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  • Copies of "The Last Tattooed Women of Kalinga" by Jake Versoza and Kalinga elder Natividad Sugguiyao  
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04/28/15 Photographer Jake Versoza on “The Last Tattooed Women of Kalinga”

Photography by Samantha Ang  I  Words by Margarita Buenaventura

The Cordilleras used to be a mystery to city-dwellers: rarely did tourists venture farther than Baguio to experience the crisp highlands. Interest in the sloping north has been growing lately, and all eyes are trained on Kalinga province’s brood of tattooed women. Photographer Jake Verzosa, however, has always been keen on getting to know this proud heritage of northern artistry, which he documented in his book The Last Tattooed Women of Kalinga. A sprawling coffee table book of black and white portraits, Kalinga explores the savage beauty of the traditional batok (Kalinga tattoo) process, and the elders who wear them proudly.

NOUS drops by Jake Verzosa’s book signing at Silverlens Gallery in Makati, where he and Kalinga elder Natividad Sugguiyao (the book’s co-author) talk about the renewed interest in the mysterious north, keeping the culture alive, and their favorite batok tattoos.

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Hey, Jake. So what piqued your interest in these tattooed women?

JV: I grew up in the northern of part of the Philippines—Cagayan, Tuguegarao. Which is adjacent to Kalinga. I’ve been seeing the women since I was a kid. I was curious about ano yung meaning ng tattoos nila. That was before. Tapos when I got the chance to get into professional photography, I wanted to document something doon sa region. That’s when I started the project and I met Nati, who also helped me with the project.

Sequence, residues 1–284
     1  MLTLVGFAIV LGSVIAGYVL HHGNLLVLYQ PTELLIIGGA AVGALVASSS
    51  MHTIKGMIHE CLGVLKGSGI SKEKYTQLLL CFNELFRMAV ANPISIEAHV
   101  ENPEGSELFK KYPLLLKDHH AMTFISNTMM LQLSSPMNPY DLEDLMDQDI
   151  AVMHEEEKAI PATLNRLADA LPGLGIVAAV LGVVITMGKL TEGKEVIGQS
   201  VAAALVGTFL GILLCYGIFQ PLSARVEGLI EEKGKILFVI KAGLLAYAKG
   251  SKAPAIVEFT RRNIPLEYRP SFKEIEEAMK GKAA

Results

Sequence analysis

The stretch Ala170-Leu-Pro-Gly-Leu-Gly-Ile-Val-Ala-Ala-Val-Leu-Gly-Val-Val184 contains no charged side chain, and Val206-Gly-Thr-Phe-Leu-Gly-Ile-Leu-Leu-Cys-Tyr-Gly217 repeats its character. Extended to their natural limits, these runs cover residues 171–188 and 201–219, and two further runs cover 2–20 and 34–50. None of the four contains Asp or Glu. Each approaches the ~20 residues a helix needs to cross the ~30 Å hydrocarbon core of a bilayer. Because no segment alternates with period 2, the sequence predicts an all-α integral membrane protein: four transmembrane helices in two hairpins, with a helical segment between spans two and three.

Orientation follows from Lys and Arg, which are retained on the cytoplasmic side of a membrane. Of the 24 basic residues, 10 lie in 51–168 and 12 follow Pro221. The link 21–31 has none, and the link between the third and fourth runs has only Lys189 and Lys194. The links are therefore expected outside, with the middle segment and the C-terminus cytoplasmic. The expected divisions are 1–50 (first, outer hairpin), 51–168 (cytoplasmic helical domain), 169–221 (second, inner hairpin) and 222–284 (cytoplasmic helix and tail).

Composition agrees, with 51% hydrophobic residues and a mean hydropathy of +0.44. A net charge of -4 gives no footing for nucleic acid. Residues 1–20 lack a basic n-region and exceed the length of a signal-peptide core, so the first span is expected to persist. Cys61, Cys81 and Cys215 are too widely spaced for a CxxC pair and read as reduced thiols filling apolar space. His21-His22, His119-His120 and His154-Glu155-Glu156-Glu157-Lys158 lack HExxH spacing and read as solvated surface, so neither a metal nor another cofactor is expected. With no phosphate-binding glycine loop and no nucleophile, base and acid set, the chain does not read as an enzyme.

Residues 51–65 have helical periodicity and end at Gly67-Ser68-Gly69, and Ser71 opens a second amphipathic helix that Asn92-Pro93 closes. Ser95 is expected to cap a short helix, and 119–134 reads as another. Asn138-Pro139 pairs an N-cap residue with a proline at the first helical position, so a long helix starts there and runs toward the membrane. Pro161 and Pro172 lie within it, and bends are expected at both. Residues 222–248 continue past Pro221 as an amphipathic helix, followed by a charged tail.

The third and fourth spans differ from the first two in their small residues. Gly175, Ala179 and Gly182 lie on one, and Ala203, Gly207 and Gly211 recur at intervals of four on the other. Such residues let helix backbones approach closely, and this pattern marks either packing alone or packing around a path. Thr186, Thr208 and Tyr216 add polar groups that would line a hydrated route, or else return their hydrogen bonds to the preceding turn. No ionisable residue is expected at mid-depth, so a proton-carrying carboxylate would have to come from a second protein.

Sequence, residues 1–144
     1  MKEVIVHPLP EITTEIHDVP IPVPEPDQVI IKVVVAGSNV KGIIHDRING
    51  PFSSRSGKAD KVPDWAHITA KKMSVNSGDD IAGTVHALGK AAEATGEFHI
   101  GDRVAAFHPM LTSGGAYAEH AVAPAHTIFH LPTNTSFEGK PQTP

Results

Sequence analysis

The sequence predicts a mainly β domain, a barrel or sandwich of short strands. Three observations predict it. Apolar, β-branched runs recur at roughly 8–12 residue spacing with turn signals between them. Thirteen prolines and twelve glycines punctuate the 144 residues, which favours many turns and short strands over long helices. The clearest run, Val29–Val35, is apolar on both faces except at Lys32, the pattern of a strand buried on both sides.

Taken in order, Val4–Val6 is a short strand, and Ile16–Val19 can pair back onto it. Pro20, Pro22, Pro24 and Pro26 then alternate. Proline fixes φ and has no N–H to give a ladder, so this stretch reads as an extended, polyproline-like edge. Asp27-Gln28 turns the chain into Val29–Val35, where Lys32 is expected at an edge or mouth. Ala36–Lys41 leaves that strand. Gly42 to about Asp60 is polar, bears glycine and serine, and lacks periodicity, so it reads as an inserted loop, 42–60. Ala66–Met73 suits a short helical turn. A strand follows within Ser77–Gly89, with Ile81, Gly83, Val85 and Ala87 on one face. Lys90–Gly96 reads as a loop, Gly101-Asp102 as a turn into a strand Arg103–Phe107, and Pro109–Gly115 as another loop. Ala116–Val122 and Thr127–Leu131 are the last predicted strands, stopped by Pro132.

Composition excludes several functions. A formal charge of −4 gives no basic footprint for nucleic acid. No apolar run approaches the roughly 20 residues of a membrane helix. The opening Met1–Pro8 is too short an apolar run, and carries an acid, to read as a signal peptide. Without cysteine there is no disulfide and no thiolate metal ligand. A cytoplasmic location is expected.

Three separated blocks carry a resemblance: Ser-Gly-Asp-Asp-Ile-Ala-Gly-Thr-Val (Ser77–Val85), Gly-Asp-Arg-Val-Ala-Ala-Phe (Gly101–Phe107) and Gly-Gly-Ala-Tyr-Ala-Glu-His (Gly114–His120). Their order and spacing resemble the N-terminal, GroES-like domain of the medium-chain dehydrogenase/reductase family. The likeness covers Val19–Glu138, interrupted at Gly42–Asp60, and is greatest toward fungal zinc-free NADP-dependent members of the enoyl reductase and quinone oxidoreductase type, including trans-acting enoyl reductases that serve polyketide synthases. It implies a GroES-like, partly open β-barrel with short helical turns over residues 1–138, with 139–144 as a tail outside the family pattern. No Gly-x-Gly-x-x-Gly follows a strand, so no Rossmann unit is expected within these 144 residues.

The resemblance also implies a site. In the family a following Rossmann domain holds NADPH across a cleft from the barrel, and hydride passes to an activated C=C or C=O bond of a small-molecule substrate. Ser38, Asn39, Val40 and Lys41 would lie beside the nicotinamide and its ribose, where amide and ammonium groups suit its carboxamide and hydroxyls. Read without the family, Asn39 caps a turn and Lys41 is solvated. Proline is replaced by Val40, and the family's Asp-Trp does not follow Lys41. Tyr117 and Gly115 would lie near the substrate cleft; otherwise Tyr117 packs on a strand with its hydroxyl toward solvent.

And Nati, you’ve lived in Kalinga all your life, and you grew up with the women there. Do you recall your first tattoo?

NS: Yes, I am from Kalinga. I was taken care of by the women there. My first tattoo was a painful but wonderful experience. I chose my own design… I think it’s innate, the design you get.

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There’s been a growing interest in the culture of the tattoo artists in Kalinga. Ever since you got to know them and photographed them, how have things changed, would you say?

JV: There’s a good and a bad side to that thing happening. I guess the bad is that people sometimes make it too commercialized, and they don’t really understand the meaning of their tattoos. On the good side, there’s an interest in preserving the art.

NS: It’s a revival effort to bring out the true meaning of what the tattoo means to the Kalingas. The stigma or the bad meaning of the tattoo is that it’s for criminals. With the interest now, the artful aspect of it is more known.

Is there anything about the culture in Kalinga that people should know more about?

JV: Para sa ‘kin kasi, my interest is in the meaning of the tattoos. Looking from there pa lang makikita mo na yung buong history nila. I guess there are also lots of stories. Rich din yung mga kwento nila. They can tell a lot of stories through the tattoos.

NS: The interest is endless in Kalinga, from the art to the way of life. Everything. I think I would venture on the beads now. They’re made of stone. Now we’re trying to trace back the history of how they came to Kalinga. The original ones are handmade, but now they’re mass-produced in China. [Laughs]

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Of all the tattooed women you photographed, did anyone stand out among the rest?

JV: When we talked to all of them, may sarili silang mga anecdotes about their tattoos. Most affected  ako siguro kay Whang Od, kasi siya yung nag-tattoo sa akin.

Which tattoo from Kalinga would you say is the most meaningful for you?

JV: Para sa ‘kin, getting tattoos symbolizes periods in our lives. So pag nakikita ko, may naaalala ako. So parang milestones siya.

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